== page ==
Dude, my cousin’s sister knows a guy who was there.
Dear Word Detective: What do you call it when a word is given an etymological “explanation” that is false? I once heard a story that a medieval monk met the king’s hunting party and was accidentally knocked over by a restive horse. Since the monk was wearing only his robe (ONLY his robe) and since the robe flipped up, the monk was “em-bare-assed,” thus giving the modern word. I know this isn’t true, but what do you call the process? — Tredzwater.
Hey, I call it comedy gold, assuming you miss Art Linkletter. And besides, how do you know it isn’t “true,” whatever that means these days? Maybe it has a higher kind of truth, the This American Life kind. Incidentally, not to prolong our national angst attack over last year’s Mike Daisey/TAL dust-up, but I have a question. Would folks find the madcap memoiric stylings of TAL-fave David Sedaris (and his imitator Augusten Burroughs) so funny/freaky/fascinating if they knew going in that 90% of that stuff literally never happened? Just sayin’, as they (anachronistically) say on Downton Abbey.
The story you heard about “embarrass” is, of course, not true in any useful sense of the word “true.” Our English “embarrass,” which first appeared in the late 17th century, was adapted from the French “embarrasser,” literally meaning “to block or obstruct” (“en,” on, in, plus “barre,” bar). To “embarrass” in English originally meant to literally impede the movements or actions of someone or something (“The state of the rivers … will embarrass the enemy in a considerable degree,” 1803). But it was also used to mean “to put someone in a difficult or perplexing condition” and “to cause a person to feel awkward or ashamed,” which is the usual meaning today. The phrase “an embarrassment of riches,” by the way, does not mean that the Kardashians feel a bit sheepish about their excesses. Since the 18th century it has meant the state of literally having more money than you can spend (i.e., your spending is “blocked”).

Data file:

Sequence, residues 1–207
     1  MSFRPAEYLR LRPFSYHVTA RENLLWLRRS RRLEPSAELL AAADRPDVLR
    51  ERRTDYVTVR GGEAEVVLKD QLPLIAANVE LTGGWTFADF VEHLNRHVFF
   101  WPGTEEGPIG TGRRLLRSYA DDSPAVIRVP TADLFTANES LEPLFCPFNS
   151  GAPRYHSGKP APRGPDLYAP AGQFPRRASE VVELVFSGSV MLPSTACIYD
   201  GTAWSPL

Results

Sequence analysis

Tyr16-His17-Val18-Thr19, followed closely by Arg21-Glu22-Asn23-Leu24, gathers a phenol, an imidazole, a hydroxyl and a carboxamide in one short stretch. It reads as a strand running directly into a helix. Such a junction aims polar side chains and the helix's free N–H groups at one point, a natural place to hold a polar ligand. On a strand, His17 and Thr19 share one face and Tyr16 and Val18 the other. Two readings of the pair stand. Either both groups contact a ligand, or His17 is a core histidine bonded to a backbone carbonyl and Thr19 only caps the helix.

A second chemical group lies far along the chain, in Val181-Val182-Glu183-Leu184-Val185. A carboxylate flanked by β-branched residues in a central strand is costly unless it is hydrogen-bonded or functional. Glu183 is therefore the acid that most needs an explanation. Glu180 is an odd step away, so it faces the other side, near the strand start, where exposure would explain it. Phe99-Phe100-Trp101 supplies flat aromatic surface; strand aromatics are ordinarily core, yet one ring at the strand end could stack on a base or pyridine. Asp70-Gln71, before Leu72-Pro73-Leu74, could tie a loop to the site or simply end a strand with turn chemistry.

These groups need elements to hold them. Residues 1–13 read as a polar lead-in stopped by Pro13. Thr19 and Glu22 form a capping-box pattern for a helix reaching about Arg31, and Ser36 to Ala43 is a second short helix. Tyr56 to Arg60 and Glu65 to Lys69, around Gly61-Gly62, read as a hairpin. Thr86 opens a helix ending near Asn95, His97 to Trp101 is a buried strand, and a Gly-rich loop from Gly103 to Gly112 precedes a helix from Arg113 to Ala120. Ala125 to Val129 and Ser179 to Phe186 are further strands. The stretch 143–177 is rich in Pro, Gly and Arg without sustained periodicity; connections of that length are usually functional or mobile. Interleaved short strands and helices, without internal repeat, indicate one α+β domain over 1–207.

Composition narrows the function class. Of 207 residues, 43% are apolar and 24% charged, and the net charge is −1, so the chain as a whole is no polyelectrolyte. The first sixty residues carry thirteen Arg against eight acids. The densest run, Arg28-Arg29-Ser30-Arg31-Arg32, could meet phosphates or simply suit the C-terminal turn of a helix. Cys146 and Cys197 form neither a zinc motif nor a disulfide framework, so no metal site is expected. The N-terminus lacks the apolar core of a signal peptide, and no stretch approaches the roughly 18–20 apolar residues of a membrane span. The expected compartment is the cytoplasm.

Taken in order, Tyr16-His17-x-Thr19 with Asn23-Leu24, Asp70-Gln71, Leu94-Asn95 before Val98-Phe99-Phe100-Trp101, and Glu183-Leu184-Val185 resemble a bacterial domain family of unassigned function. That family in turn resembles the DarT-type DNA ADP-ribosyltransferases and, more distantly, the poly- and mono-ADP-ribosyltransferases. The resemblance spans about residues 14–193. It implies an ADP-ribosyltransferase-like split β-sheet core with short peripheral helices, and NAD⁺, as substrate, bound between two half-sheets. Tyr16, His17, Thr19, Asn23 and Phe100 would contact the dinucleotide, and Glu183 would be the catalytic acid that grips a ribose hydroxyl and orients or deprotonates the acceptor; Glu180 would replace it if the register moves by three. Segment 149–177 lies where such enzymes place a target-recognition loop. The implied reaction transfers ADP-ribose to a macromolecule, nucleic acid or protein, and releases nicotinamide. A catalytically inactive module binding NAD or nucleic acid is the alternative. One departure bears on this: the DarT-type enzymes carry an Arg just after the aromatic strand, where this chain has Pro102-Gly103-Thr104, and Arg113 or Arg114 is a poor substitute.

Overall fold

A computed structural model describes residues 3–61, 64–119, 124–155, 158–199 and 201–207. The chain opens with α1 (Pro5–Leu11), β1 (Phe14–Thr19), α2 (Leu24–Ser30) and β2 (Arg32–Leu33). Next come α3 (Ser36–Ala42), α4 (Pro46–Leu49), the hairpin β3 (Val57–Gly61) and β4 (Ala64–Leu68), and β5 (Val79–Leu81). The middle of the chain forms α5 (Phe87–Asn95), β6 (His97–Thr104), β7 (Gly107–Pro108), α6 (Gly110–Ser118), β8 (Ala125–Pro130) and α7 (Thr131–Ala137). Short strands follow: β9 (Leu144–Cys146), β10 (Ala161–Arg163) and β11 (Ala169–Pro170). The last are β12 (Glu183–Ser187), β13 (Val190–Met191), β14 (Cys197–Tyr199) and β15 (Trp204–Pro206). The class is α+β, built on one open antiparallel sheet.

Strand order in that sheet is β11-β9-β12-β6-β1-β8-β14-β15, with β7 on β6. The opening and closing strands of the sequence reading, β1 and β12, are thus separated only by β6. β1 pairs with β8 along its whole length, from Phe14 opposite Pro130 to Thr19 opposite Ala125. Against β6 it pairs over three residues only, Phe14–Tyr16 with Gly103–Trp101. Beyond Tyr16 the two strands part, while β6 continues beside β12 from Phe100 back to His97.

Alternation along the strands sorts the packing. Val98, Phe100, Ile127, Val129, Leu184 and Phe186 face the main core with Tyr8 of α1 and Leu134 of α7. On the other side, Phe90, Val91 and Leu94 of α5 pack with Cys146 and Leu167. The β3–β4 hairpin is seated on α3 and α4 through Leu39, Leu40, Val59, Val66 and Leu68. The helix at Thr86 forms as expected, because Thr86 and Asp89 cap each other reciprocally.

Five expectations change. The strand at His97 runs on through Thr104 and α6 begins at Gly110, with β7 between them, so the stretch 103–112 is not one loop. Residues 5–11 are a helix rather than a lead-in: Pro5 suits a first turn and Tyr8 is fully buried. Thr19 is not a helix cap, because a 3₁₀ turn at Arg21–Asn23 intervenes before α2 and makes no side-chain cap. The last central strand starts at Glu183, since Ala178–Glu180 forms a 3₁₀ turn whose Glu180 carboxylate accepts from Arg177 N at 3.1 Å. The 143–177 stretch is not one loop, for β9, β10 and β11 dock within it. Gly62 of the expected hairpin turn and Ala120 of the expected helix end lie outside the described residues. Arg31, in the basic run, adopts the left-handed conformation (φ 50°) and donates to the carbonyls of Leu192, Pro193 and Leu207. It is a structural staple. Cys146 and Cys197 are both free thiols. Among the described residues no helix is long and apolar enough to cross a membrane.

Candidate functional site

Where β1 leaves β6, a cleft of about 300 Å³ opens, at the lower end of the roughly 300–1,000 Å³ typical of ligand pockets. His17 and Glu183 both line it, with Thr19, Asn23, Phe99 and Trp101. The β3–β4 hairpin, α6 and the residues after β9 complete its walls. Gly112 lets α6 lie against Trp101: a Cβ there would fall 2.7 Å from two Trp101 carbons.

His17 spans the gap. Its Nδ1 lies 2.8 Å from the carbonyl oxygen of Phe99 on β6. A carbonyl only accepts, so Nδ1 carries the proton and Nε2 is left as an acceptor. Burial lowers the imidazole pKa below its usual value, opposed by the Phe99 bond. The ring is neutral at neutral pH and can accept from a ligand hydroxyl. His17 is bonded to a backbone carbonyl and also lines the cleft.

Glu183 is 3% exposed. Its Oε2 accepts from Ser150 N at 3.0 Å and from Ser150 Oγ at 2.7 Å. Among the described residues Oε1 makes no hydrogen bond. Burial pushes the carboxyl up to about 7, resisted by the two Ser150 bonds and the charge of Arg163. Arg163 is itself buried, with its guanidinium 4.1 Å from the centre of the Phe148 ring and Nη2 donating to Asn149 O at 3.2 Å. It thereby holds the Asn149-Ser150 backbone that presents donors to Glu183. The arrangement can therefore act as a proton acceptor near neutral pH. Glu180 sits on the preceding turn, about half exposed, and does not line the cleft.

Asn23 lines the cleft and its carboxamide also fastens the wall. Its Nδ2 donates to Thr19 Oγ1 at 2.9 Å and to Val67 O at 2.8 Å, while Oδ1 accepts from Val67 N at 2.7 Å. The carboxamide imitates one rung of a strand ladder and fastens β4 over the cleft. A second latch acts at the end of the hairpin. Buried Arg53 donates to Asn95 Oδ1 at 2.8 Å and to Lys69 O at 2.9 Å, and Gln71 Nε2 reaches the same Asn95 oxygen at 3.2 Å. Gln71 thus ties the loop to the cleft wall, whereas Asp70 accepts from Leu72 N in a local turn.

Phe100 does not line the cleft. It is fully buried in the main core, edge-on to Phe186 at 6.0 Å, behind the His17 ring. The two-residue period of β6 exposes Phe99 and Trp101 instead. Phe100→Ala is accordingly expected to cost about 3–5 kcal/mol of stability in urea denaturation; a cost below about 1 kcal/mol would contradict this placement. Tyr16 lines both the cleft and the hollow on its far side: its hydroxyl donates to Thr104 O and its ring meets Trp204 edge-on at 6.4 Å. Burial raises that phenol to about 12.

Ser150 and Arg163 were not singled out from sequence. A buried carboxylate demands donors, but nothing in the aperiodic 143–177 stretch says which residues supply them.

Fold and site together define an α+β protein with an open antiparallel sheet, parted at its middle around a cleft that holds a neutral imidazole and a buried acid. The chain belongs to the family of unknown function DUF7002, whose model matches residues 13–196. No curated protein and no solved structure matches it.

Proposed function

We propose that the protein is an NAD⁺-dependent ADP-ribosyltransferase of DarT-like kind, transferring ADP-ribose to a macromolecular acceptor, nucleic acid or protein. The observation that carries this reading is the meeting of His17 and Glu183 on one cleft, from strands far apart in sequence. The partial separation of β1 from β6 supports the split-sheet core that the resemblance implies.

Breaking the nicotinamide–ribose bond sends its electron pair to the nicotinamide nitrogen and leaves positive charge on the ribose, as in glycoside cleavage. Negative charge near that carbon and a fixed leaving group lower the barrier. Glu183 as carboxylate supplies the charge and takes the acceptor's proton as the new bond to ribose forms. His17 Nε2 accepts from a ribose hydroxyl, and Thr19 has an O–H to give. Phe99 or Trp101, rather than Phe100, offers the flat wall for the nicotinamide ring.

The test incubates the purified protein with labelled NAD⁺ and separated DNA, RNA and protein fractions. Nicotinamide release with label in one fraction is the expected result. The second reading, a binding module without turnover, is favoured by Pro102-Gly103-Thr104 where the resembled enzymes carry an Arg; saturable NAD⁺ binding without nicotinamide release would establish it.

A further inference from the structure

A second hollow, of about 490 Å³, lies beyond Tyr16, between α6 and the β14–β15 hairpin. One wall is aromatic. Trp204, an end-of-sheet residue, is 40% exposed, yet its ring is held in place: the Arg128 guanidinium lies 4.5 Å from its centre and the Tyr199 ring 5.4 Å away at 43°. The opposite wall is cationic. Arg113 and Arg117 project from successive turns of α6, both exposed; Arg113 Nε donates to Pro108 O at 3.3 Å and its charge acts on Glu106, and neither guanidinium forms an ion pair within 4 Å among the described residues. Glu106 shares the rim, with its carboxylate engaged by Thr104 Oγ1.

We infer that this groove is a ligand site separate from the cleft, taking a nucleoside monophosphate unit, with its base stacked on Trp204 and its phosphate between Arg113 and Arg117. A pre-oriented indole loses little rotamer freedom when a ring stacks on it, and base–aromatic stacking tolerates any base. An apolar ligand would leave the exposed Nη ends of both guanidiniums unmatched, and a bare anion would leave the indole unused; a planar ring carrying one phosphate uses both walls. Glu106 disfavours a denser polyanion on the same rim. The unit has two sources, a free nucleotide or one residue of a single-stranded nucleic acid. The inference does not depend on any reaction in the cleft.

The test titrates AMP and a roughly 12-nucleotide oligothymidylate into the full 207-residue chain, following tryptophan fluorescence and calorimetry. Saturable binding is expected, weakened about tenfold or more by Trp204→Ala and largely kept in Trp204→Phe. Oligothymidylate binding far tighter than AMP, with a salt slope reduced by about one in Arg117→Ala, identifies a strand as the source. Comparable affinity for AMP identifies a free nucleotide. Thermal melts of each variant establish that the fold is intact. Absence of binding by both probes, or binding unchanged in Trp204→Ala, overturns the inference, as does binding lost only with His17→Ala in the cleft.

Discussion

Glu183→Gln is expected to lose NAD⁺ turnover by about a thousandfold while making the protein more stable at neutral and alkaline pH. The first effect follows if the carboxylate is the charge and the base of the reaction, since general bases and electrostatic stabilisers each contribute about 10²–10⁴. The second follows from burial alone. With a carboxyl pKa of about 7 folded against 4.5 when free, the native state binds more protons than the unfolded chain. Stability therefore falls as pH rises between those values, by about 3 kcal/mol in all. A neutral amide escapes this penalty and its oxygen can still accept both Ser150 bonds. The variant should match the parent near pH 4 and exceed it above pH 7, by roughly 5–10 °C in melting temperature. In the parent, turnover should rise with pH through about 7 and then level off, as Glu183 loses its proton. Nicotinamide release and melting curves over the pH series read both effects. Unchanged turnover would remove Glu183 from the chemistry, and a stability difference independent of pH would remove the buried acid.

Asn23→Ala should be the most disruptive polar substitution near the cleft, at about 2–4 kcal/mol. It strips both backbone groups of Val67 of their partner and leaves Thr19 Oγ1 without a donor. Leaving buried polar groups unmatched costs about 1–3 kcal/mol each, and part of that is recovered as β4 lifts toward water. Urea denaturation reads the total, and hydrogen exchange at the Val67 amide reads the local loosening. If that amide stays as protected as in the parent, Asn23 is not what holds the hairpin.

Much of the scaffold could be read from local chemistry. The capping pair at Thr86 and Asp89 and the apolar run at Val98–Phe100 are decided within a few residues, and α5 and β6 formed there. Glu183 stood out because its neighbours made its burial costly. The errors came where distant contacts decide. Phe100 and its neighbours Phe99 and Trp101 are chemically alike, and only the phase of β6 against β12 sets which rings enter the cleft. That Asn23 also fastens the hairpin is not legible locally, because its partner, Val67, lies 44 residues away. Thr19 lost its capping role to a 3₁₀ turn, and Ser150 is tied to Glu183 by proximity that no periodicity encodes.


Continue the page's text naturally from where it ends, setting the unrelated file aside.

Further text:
The process that produces silly stories like the one you heard about “embarrass” is often called “folk etymology,” but it’s more accurately called simply “false etymology.” True “folk etymology” is a linguistic process whereby an unfamiliar word or phrase (e.g., “asparagus”) is transformed into a new word or phrase that may not make more sense, but at least sounds more familiar (in this case, the dialectical term “sparrowgrass”). Folk etymology often produces words that persist long after the “original” word is obsolete. “Cattycornered” (or “kittycornered”), for example, was originally “catercornered,” “cater” being an adverb meaning “diagonally” (so a building “catercornered” from another would sit diagonally across an intersection from it). But “cater” (from the French “quatre,” four) was sufficiently mysterious to enough people that they substituted “kitty,” perhaps imagining that cats like to sit at an angle to each other. The transformation stuck, and if today you were to use “catercornered” in directions to a tourist, they’d probably wander off and ask someone else.
The sort of ludicrous fable you encountered explaining “embarrass” is far from uncommon, and exhibits many of the characteristics of a classic “urban legend.” There’s the setting in a distant, ill-defined past (“medieval” is second only to “old sailing ships” in this regard), the role of royalty or aristocracy (“a king,” “the “King,” any old king will do), sex, nakedness, or other “inappropriate” behavior, and sudden exposure (literal in this case). Urban legends of this sort are sometimes likened to extended jokes concocted for the amusement of listeners (in a bar, for instance), but I think they rightly belong to the venerable folk tradition of telling “tall tales” in the spirit of Paul Bunyan and Casey Jones. They’re fun to hear, but should not be passed off as serious history.